Re: [DNSOP] [Ext] WGLC rfc8499bis one week extension for lame delegation definition

Warren Kumari <> Wed, 03 May 2023 01:26 UTC

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From: Warren Kumari <>
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Date: Tue, 02 May 2023 20:26:32 -0500
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To: Havard Eidnes <>
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Subject: Re: [DNSOP] [Ext] WGLC rfc8499bis one week extension for lame delegation definition
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On Tue, May 02, 2023 at 7:43 PM, Havard Eidnes <> wrote:

> My parent says that the NS for are, ns2.
> , but I ( say that my NS are, ns2.
> *and* I don't (personally) think that this
> is a lame delegation. Do others?
> Nope. Given this information, this is simply "inconsistent".
> If both, and are
> configured to serve the zone, and return answers with aa=1
> when queried for names in that zone, all is well and there is no instance
> of a "lame" delegation.
> However, if isn't set up to serve the zone, and answers
> queries about names in the zone with aa=0, the delegation to that name
> server would be "lame".
> Flipped around: My parent says that the NS for are ns1.example.
> com, *and* I ( say that my
> NS are only and
> At this point I'd again say "inconsistent".
> If you query, you get REFUSED. In that case I'd
> (personally) say that is lame for
> You had to put that in there? :)
> Thinking a bit about it: the REFUSED error code could be the result of
> configuring a name server with recursion turned off, and if you then query
> that name server about a name in a zone it is not set up to serve, a
> REFUSED answer would be "natural" and is these days fairly common for such
> a situation.
> Now, as to whether that's an instance of a lame delegation? I would tend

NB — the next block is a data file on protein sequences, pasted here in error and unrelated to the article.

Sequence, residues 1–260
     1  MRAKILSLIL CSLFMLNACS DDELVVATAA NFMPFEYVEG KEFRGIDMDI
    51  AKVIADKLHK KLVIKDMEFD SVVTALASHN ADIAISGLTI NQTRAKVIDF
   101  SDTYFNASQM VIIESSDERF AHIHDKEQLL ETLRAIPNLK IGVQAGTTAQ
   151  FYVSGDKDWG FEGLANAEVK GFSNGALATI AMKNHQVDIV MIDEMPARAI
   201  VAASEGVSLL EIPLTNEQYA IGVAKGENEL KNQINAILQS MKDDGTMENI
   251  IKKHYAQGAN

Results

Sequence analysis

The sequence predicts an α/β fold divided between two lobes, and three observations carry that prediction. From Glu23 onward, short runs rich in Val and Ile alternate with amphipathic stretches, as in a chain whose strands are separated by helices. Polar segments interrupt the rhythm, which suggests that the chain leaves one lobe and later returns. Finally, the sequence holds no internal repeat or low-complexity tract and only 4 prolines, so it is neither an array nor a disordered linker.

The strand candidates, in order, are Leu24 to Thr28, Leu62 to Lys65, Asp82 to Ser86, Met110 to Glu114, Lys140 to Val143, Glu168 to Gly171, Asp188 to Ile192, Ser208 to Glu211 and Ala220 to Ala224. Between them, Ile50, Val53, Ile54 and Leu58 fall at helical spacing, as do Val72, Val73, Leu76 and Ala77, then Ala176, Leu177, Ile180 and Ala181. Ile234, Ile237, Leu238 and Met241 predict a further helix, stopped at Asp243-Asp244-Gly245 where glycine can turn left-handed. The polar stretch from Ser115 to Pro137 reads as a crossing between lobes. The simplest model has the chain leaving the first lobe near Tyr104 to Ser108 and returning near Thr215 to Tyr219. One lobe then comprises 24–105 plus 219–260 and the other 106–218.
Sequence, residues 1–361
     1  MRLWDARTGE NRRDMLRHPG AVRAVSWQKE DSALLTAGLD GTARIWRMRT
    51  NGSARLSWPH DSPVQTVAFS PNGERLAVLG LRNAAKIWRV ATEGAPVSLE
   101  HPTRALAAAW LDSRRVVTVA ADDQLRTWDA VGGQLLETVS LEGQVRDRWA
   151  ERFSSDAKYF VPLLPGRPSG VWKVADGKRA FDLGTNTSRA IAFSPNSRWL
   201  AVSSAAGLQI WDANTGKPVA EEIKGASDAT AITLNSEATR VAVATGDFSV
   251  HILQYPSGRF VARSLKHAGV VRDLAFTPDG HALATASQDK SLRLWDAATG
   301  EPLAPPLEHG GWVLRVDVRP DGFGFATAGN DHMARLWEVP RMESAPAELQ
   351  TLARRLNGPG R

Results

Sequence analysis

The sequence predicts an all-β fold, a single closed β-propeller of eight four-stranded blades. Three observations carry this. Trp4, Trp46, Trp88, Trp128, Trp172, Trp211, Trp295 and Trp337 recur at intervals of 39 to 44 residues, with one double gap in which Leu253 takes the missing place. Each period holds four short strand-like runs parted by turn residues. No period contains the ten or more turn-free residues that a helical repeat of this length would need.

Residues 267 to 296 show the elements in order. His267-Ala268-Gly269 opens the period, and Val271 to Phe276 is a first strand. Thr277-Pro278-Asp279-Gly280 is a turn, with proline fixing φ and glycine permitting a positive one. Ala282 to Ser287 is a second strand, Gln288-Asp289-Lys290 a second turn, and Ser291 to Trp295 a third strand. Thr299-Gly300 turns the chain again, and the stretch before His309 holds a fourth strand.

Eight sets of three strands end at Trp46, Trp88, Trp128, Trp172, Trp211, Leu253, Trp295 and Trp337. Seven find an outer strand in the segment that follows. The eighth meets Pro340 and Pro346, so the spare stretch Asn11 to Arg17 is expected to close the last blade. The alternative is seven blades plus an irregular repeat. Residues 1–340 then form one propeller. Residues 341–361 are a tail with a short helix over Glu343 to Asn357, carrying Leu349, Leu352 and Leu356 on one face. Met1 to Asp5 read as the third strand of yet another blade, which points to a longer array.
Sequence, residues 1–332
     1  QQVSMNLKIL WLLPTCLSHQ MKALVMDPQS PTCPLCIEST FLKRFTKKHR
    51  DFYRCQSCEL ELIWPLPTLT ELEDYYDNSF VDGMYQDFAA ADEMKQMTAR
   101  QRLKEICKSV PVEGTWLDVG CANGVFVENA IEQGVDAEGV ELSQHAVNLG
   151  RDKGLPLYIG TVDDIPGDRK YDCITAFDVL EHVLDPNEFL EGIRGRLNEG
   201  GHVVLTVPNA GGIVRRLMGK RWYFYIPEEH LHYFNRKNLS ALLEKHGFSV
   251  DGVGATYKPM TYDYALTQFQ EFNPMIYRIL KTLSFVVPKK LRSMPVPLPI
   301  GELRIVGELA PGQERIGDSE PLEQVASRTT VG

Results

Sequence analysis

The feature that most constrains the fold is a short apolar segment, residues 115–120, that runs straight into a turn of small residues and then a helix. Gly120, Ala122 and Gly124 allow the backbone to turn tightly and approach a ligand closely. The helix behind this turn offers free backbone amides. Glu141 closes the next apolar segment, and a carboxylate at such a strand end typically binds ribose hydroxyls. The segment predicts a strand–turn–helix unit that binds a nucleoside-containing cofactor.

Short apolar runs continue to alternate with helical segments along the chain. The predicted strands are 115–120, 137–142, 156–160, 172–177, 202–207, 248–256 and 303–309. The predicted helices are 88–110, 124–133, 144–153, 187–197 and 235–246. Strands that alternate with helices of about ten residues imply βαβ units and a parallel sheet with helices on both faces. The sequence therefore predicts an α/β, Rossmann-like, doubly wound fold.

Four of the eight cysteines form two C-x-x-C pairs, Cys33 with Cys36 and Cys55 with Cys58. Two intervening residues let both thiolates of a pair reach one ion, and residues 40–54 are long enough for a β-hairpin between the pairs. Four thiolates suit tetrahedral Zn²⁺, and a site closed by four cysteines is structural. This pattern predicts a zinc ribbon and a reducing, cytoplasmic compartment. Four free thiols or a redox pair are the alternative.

> to say "yes".
> I don't think that I'd call "lame", as both ns1 and ns2 work
> OK.
> Correct. It's the particular delegation to ns3 which is "lame".
> Another example: if both the parent / delegating zone and the child zone
> lists, and, you have a
> perfectly consistent delegation. However, if one of these are not set up to
> serve the zone, the delegation of this zone to that particular name server
> would be
> "lame".
> I personally think that lameness is when a domain is delegated to a name
> server, but that server does not have the zone configured. A corner case is
> when the server is configured to not answer queries for that zone from that
> source address, and so returns REFUSED or possibly SERVFAIL.
> If we're talking about the global DNS, restricting responses on a
> publishing name server does not make much sense to me.

Well, perhaps - but it *is* a common deployment scenario.

Many companies use ACLs and views (or similar) to expose something like, but only to "internal" IP addresses[0]. It's obviously
easier to just have one set of nameservers, so if you query e.g www. from the global Internet you get an address, but if you query
e.g you get REFUSED.
I slight variation on this is if the servers for *do* answer
the public Internet, but have a delegation to other servers which handle
the zone, and these only answer queries from "inside" the

[0]: Obviously you can't let just anyone on the Internets know that you
have a server called e.g with the IP address of, because, um… well… erm.. no-one has ever really been able to
explain the threat model to me, but they are all *sure* that the sky will
fall if attackers know this… Often there is some allusion to "well, it may
leak that we working on a magic hovercraft product, because they'd see a
device called
<>… ¯\_(ツ)_/¯

> Best,
> - Håvard